The sinking of the luxurious liner Lusitania just off the Old Head of Kinsale in Ireland in 1915 by a German submarine resulted in the loss of 1,201 lives. A significant turning point during World War I, the doomed vessel sank in just eighteen minutes, but this year the curator of The Leece Museum in Peel, Roy Baker, will be speaking at the annual commemorative service for the first time about the heroic involvement of a Manx fishing boat, PL11 The Wanderer, in the rescue of passengers and crew.
Organised by the Merseyside Maritime Museum in Liverpool, the commemoration takes place alongside the ship’s salvaged propeller, on the dockside between the Merseyside Maritime Museum and the Museum of Liverpool, where a wreath will be laid on the 7thMay to remember all those who perished.
Deputy Head of the Merseyside Maritime Museum, Ian Murphy, said, “Lusitania was Liverpool’s most famous ship and her sinking sent shock waves around the globe and influenced America’s entry to the war. It is particularly poignant to hold the service alongside the propeller which is one of the most iconic objects in our collection.”
It was to be two hours before rescuers heading from the Irish mainland would reach the disaster, but a lugger from Peel, The Wanderer, was fishing a few miles away when crew member, Thomas Woods, on watch duty, sounded the alarm after he saw the Lusitania listing. The skipper of The Wanderer, Stanley Ball from Jurby, is reported to have said to Woods ‘Go for her, be British’, so, undeterred by the danger of enemy submarines, these brave Manxmen headed for the scene of the disaster where they took on board 160 men, women and children.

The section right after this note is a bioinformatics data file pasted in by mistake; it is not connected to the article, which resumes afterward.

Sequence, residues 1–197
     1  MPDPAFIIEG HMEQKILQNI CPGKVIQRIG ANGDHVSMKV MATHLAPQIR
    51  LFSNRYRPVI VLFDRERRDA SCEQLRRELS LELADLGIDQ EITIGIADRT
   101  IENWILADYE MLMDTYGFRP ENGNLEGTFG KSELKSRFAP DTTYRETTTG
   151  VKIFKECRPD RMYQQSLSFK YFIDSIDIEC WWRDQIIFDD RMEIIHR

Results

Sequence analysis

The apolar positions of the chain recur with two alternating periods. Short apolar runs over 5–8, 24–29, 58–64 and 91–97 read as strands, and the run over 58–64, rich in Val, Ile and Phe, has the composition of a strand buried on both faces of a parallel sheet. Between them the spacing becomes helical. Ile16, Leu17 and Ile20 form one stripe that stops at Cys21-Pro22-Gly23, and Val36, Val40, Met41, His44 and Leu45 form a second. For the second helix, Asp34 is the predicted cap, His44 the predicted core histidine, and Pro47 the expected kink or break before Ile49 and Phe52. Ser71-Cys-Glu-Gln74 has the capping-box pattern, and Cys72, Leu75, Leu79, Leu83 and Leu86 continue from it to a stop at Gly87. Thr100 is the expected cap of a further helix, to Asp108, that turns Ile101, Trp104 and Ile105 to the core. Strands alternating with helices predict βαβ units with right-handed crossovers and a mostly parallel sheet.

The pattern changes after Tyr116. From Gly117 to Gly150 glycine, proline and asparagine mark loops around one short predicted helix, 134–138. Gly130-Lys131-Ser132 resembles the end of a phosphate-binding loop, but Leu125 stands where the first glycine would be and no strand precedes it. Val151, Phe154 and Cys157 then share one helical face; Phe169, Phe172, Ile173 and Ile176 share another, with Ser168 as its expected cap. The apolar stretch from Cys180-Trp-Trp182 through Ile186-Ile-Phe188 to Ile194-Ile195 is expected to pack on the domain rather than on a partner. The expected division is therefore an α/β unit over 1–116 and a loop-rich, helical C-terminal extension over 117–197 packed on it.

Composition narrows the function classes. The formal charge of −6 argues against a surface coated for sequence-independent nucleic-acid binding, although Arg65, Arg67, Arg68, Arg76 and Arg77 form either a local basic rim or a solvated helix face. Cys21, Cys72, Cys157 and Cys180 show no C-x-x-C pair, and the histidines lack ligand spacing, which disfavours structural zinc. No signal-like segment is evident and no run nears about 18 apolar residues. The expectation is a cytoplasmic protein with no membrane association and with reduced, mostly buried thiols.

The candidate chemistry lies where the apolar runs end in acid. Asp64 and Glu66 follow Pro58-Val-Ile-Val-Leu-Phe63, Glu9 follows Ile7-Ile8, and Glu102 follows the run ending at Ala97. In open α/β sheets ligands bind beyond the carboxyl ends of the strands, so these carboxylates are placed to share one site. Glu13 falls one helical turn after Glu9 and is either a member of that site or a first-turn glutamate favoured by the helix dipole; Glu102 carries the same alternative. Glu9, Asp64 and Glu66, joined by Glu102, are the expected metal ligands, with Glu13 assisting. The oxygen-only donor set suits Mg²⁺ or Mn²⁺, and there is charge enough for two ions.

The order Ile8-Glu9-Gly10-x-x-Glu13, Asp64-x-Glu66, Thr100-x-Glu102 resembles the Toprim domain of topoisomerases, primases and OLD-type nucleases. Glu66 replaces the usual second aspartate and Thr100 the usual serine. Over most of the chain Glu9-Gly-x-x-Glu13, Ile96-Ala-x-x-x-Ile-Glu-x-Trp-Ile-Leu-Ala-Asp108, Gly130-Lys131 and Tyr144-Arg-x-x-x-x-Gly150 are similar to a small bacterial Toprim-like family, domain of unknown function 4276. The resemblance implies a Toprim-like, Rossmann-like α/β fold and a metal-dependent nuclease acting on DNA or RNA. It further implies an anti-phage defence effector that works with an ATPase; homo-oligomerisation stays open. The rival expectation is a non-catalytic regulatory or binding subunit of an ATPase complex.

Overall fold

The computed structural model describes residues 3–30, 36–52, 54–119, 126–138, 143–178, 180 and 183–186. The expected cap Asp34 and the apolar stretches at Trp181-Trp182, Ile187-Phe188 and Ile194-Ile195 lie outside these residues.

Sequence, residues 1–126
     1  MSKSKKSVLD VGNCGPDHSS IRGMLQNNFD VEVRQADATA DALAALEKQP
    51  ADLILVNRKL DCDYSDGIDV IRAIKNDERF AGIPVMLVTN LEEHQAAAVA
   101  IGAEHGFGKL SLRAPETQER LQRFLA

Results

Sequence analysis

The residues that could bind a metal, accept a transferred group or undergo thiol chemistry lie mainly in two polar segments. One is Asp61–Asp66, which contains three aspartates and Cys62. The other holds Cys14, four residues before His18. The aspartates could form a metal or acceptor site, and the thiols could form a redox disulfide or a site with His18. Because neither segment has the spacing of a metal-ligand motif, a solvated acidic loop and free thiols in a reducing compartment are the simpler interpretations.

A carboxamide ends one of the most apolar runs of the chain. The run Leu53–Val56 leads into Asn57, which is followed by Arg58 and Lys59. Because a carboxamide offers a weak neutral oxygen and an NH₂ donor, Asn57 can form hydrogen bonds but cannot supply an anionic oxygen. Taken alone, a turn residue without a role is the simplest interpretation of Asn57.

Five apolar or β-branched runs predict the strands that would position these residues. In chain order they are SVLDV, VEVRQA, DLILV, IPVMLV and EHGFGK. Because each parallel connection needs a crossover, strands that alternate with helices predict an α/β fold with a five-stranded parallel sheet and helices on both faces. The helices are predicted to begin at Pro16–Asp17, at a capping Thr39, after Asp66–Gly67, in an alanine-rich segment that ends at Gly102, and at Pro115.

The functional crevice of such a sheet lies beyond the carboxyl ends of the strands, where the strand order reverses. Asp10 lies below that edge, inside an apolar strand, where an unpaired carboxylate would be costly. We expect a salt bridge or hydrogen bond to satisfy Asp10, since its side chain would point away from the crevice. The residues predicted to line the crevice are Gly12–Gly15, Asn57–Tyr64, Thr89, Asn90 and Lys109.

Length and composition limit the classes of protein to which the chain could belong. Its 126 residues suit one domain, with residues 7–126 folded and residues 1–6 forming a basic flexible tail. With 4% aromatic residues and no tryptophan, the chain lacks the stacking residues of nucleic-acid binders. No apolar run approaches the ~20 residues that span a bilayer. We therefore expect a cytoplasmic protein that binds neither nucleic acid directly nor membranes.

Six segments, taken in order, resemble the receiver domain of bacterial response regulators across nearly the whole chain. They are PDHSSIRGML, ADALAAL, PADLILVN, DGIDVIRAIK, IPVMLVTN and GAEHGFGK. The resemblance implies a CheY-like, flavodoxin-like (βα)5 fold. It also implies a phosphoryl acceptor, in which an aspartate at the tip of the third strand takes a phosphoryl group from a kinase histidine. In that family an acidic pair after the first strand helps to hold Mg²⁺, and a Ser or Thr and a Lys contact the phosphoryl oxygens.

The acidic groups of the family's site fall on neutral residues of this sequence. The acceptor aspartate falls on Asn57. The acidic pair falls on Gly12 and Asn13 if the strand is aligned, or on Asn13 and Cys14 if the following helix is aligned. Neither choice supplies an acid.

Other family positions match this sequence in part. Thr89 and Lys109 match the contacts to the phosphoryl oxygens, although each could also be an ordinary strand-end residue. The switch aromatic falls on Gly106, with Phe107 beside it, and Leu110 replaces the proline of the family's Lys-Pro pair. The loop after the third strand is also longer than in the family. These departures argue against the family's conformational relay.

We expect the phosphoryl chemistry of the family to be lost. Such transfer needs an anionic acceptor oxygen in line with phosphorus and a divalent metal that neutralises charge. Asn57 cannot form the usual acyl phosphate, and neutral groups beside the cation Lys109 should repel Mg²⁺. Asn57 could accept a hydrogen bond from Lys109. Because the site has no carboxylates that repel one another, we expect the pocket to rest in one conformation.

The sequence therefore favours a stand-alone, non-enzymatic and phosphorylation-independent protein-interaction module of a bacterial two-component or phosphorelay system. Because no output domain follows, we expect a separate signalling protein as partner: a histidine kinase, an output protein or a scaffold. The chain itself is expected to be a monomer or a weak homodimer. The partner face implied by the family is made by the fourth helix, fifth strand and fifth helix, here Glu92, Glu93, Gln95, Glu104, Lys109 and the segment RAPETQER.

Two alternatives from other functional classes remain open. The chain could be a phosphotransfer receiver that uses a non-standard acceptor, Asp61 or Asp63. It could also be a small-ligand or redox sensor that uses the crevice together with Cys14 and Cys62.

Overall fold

The skipper and crew of The Wanderer spared nothing for their pitiable passengers, gifting their clothes, blankets, food and drink as they sailed back towards the Old Head of Kinsale with their precious cargo, towing two boat loads of survivors besides.
Two miles from land The Wanderer was intercepted by an Admiralty tug, The Flying Fish, into which were transferred the devastated survivors who then sailed for Queenstown (now renamed Cobh).
It was difficult for some of the crew members of The Wanderer to come to terms with this atrocity, reinforced by extracts from surviving letters, but believing that these men deserved recognition for their services, the Manchester Manx Society arranged for Mr F. S. Graves to design a special medal, which was presented to each of the rescuers by the Lieutenant Governor, Lord Raglan, on Tynwald Day.
This year’s service will also include a welcome by Ian Murphy, Deputy Director of Merseyside Maritime Museum, an historical overview by local maritime historian Dave Roberts and the Act of Remembrance led by Father David Baverstock.
© May 2014
(Courtesy of Manx Tails)